American League Cy Young Award winner David Price gets his season started on Tuesday when the Tampa Bay Rays and Baltimore Orioles begin a three-game set at Tropicana Field.
Price was sensational for Tampa Bay a year ago, going 20-5 with a 2.56 ERA, and 205 strikeouts and 173 hits allowed in 211 innings. He may need to throw even more innings this season, as the Rays enter the year without workhorse innings eater James Shields, who was dealt this offseason to Kansas City.
History could be on Price's side in this one, as only three times since 2000 has a reigning Cy Young Award winner lost on Opening Day the year after winning the honor (Cliff Lee, 2009; Roy Halladay, '04; Randy Johnson, '03). Price took the loss in his previous Game 1 start, also against the Orioles.
"(Being the Opening Day starter) is what you want to be," Price said recently. "I don't only want to be the best on a staff; I want to be the best in baseball. That's what I strive to be, year in and year out."
Joe Maddon's club may have to rely heavily on his pitching staff following the offseason departure of outfielder B.J. Upton. Evan Longoria, though, continues to lead the offense and at some point should be joined by outfield prospect Wil Myers, who was the centerpiece in the Shields deal.
Tampa missed out on the postseason a year ago, despite posting a 90-72 record.
"Our goal is not to be watching everybody else play at the end of the year," Maddon said.
Baltimore, meanwhile, enters the year with enormous expectations following a surprise season that saw it go 93-69 and end a 15-year postseason drought.
Now the Orioles are out to prove that the 24-game turnaround last season wasn't just a fluke.
"People that play the game know that 'they say' is the biggest liar," O's manager Buck Showalter said. "I know what they say about us. We're supposed to be in last place. That's all right. Our guys, they're used to that environment."
Baltimore finished the season with a stunning 29-9 record in one-run games. Even more remarkably, the O's rattled off 16 straight wins in extra innings. No other team finished with more than 13 extra inning wins in 2012.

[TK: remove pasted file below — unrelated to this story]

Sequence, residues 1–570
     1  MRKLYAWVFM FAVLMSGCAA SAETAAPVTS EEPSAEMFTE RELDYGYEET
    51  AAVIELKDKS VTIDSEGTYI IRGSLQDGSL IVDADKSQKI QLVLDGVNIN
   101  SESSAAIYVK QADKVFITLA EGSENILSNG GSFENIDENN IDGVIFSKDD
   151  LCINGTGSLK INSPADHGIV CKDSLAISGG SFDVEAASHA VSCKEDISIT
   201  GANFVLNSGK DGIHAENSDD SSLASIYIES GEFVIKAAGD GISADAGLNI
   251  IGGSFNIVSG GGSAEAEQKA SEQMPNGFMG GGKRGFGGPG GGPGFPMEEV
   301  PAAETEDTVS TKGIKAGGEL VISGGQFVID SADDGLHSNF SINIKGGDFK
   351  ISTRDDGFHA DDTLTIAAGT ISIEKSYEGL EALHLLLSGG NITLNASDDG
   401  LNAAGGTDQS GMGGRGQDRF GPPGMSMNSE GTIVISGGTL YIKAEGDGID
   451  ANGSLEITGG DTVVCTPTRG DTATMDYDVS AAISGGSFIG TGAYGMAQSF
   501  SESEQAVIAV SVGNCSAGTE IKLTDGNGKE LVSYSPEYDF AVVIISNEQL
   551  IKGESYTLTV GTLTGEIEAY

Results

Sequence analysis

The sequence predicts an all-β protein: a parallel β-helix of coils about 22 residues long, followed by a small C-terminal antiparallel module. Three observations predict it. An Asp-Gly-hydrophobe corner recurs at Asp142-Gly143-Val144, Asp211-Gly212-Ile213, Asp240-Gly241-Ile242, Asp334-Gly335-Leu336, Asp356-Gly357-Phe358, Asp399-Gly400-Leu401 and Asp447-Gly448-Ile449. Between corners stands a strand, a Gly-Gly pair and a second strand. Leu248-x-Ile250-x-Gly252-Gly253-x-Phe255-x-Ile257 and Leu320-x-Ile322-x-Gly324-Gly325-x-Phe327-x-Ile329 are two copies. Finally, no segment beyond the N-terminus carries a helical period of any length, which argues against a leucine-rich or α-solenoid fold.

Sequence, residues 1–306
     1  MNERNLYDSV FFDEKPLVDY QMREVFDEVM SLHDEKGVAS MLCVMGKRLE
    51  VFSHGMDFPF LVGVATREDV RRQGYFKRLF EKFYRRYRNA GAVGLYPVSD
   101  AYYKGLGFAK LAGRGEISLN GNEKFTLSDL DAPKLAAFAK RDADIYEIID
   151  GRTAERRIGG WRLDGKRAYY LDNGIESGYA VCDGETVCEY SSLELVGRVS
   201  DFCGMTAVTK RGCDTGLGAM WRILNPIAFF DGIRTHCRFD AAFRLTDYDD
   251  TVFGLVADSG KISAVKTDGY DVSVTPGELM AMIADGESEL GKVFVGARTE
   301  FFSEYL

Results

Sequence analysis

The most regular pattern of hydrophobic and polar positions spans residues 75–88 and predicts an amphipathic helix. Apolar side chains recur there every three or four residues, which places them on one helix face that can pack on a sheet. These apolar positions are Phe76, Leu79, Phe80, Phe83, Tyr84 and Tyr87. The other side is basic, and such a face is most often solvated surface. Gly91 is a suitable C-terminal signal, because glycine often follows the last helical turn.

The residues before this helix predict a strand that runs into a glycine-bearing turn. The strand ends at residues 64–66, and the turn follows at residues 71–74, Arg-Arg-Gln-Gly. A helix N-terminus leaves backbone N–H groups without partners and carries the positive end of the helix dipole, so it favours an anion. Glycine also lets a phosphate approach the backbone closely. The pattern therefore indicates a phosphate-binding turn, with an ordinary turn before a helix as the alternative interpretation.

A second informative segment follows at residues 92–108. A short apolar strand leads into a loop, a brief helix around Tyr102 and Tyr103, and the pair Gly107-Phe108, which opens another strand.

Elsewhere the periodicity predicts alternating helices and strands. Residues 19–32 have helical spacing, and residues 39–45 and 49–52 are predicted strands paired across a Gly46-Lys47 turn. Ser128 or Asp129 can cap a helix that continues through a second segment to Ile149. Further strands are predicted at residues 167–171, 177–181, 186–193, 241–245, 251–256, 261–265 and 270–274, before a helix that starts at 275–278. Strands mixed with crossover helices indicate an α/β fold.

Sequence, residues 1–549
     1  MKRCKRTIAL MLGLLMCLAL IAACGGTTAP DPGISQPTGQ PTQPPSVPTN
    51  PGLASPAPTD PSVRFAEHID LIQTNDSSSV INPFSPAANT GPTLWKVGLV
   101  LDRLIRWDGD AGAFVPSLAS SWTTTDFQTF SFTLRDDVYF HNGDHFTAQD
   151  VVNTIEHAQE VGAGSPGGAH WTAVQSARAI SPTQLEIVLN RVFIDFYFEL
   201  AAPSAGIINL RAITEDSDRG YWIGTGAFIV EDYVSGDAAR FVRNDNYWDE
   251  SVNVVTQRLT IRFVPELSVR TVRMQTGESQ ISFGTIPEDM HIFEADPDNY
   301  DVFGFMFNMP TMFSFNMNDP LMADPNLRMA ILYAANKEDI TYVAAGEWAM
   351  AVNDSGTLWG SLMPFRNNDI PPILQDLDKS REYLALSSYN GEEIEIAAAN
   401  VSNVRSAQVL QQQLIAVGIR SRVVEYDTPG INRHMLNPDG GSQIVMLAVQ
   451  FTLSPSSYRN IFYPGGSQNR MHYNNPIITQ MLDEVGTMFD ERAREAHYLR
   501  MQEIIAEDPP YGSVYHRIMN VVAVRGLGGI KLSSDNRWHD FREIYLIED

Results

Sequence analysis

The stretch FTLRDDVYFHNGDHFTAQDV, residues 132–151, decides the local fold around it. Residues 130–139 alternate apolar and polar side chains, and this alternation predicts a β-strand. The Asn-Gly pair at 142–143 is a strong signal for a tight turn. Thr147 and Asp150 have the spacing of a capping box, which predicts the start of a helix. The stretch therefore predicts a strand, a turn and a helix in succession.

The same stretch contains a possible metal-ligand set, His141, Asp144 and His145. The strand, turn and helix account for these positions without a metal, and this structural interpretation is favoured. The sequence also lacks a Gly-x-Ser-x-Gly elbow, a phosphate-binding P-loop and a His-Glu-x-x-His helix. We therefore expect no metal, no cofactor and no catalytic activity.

The bullpen may not deserve all of the credit for Baltimore's success in 2012 but it definitely deserves some of it. Baltimore's relievers combined for a 3.00 ERA in 545 1/3 innings last season, fifth-best in the majors and the second-lowest bullpen ERA in the American League (Tampa Bay led the AL at 2.88). Jim Johnson enjoyed a breakout season in his first year as the full- time closer, leading the major leagues with 51 saves in 54 chances.
Baltimore, though, wasn't among the league leaders in batting average (.247) but it made up for it by smashing 214 home runs (second in MLB) for an average of one homer every 26 at bats. Five Orioles (Adam Jones, Matt Wieters, Chris Davis, J.J. Hardy and Mark Reynolds) blasted 20 or more round-trippers last season, the first time that's happened since 2008.
Unfortunately, after beating Texas in the one-game wild card playoff, Baltimore's bats fell silent as the team batted a mere .195 and bowed out to New York in a thrilling five game ALDS.
Jason Hammel gets the call for the O's on Tuesday. Hammel was one of the best pitchers in baseball through the first half of last season, as he was 8-2 at one point with a 2.61 ERA.
However, he was bothered by a knee injury after that and pitched sparingly in the second half, losing his final four decisions, while seeing his ERA balloon up to 3.43.
Baltimnore was 10-8 against the Rays last season.